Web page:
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Bones Fest XXI
Aug 24 to 27, 2017
San Antonio, Texas


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Yes Sir, Mr. Bones! DVD
Yes Sir, Mr. Bones dvd
Vintage 1951 movie features Scatman Crothers and legendary bones player Freeman "Brother Bones" Davis. Only known film recording of minstrel man Emmett Miller.


 
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  • New DVD release!
  • Rare film with legendary Freeman "Brother Bones" Davis
  • Double feature DVD

  • Why shop here?
Only $14.97 DVD

Quantity in Stock:1

Product Code: 114-1DVD
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Description Technical Specs The Inside Story...
 
Yes Sir, Mr. Bones!
Rare vintage 1951 film with Freeman "Brother Bones" Davis
New dvd release by VCI Entertainment

This film is part of a double feature dvd which includes the 1949 movie, Square Dance Jubilee. Together, the two films comprise volume 2 of the four volume Showtime USA collector's pack. The package is designed for fans of vaudeville, minstrel shows, and vintage musicals.

No Hollywood film has ever captured the true ambience of a minstrel show. This low budget film stands alone as the most accurate representation ever produced. The film presents the traditional parade plus three elements of a minstrel show:

  • First Part (Endman jokes),
  • Second Part (Olio - variety acts)
  • Third Part (Burlesque melodrama)
The movie even portrays a traditional 'afterpiece' Southern Plantation Scene. The production features a cast of authentic minstrel performers - a remarkable feat considering the film was released in 1951. You will also see the only known film footage of legendary minstrel, Emmett Miller. Plus you will see Brother Bones perform a solid two-and-a-half minutes of whistlin', dancin' and bone rattlin' like you have never seen before.

What the Movie is About
The show features a bevy of authentic "late vaudevillian minstrel performers". Their average age is around 70 years old. What we are witnessing on film is a merger of burlesque, minstrelsy and vaudeville.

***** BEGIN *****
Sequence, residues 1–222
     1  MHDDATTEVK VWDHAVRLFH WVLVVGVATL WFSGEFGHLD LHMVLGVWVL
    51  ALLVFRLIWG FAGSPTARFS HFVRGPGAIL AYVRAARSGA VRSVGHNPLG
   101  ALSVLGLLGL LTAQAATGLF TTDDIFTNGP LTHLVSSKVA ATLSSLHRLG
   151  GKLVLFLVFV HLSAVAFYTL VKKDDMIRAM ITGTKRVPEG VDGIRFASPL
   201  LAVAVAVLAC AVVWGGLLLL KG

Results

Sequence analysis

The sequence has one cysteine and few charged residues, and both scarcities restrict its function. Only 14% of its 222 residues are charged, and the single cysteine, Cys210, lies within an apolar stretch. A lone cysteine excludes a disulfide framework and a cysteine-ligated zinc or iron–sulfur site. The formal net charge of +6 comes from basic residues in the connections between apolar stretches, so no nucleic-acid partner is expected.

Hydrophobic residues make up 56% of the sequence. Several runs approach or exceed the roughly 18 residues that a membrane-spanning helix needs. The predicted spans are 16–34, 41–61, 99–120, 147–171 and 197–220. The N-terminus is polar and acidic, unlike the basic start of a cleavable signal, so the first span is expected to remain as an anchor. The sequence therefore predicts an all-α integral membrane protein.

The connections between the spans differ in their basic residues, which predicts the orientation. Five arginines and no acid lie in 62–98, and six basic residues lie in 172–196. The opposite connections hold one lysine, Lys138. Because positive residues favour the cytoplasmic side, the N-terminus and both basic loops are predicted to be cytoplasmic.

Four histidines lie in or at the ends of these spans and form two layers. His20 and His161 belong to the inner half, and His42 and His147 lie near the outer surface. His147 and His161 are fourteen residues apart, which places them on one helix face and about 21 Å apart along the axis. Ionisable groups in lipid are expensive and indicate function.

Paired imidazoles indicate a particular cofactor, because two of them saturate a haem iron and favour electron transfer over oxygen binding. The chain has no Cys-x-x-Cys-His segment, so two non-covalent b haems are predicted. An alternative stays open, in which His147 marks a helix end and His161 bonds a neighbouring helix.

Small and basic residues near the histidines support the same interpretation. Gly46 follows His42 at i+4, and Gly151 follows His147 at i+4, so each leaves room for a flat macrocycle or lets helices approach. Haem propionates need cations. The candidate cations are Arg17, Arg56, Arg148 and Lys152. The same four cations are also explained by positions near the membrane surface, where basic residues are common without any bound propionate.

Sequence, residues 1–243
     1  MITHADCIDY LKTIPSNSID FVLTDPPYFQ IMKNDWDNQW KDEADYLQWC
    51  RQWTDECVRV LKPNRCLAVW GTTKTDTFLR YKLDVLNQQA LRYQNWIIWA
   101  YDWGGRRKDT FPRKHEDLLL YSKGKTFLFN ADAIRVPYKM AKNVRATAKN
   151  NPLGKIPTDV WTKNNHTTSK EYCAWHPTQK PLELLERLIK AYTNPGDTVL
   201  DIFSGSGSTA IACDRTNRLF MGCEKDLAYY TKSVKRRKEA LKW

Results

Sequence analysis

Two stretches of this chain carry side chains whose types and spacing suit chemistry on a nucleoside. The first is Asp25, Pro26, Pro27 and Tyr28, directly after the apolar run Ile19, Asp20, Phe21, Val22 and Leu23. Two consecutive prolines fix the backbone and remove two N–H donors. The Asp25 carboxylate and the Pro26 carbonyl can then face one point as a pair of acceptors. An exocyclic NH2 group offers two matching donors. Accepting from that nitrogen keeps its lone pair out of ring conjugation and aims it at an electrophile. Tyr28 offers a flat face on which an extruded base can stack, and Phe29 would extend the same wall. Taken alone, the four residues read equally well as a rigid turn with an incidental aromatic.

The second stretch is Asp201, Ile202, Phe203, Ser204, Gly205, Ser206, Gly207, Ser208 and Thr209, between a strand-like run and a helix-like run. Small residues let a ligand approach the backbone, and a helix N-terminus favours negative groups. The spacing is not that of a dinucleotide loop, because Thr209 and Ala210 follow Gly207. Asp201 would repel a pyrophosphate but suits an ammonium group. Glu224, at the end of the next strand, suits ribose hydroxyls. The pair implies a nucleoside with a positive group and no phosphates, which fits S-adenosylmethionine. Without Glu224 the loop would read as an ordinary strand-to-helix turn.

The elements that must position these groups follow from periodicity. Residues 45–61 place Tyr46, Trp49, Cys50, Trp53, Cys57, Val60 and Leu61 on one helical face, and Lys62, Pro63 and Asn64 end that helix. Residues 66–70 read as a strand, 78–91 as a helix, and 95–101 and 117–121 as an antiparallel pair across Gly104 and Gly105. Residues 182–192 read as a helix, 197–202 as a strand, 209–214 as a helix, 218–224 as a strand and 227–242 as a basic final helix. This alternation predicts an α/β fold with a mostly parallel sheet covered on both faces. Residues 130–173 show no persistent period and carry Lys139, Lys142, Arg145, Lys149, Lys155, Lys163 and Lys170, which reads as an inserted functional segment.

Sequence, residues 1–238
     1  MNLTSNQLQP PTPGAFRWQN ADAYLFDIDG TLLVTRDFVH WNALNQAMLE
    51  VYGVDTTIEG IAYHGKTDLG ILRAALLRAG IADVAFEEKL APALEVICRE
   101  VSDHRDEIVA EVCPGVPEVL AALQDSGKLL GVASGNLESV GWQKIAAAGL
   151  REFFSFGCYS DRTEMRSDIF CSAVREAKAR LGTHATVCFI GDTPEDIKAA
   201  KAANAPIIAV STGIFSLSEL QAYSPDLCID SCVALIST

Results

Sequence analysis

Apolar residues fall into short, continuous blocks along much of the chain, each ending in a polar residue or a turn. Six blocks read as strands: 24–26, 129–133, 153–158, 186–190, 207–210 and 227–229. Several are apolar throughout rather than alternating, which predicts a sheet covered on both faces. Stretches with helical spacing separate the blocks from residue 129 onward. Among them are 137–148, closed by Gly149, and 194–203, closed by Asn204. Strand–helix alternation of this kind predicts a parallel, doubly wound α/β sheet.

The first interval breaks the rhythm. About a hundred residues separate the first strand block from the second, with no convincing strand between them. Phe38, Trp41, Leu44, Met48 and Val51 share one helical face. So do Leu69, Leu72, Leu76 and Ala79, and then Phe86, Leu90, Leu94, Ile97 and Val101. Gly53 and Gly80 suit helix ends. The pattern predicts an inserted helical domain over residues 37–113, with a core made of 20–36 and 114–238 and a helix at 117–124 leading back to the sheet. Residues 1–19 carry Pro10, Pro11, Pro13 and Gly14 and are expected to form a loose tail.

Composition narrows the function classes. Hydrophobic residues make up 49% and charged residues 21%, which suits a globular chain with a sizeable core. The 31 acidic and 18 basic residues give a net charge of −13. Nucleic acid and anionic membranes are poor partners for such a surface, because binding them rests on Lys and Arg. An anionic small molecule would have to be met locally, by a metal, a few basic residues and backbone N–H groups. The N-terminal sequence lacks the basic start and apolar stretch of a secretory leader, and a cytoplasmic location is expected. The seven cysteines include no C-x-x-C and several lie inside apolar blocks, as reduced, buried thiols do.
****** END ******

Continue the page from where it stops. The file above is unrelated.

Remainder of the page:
White and Black Actors in Feature Roles
Racial stereotyping aside, the film is rather progressive for the 1950s. Few movies from that era dared to present African-American actors in a feature role alongside caucasian performers. So if you ignore the blackface and stereotypes, then the comic genius and appeal of these black and white performers is quite evident.

Film Commentary
The commentary by film historians Richard Roberts, Brent Walker, and Randy Sketvedt make this DVD especially worthwhile and important. They provide valuable context for the performances, offer loads of factual tidbits - and they acknowledge the world of musical bones.

"I guess we should get the political correctness apology out of the way now...

Even though it may make us cringe in many places now, it does preserve a very important part of American show biz history and it also preserves a lot of wonderful black performers as well as white performers."

"I suppose we're the only ones brave enough to actually sit down and do a commentary for this show."

"There's actually websites devoted to bones playing and I saw that somebody did a doctoral dissertation all about bones playing."

The Storyline
A young boy wanders into the Show Boat Rest Inn, a home for old minstrel men. The boy wants to know more about them. The oldsters are more than delighted to oblige. We flash back to a
performance from the nostalgic days of riverboat shows...minstrel songs, buck-and-wing dancing, end-man jokes, soft-shoe routines, variety acts - and yes sir, Mister Bones!

Minstrel Show Program and Cast... (coming soon)


Special DVD Features
  • Scene Selection
  • Trailer for Square Dance Jubilee
  • Commentaries by film historians Richard Roberts, Brent Walker and Randy Sketvedt
  • Technicolor Featurette: The Shortest Way Home (1946)

Square Dance Jubilee (B&W, 1949)
Cast
Don Barry, Spade Cooley, Mary Beth Hughes, Wally Vernon, Max Terhune, John Eldredge.

Synopsis
New York television talent scouts (Don "Red" Barry and Wally Vernon) head west to look for musical talent for Spade Cooley's TV show and find plenty - and even help round up some cattle rustlers! With a whopping 25 songs, this one "stacks up as a strong entry in western music market...crackerjack exploitation potential" (Variety).


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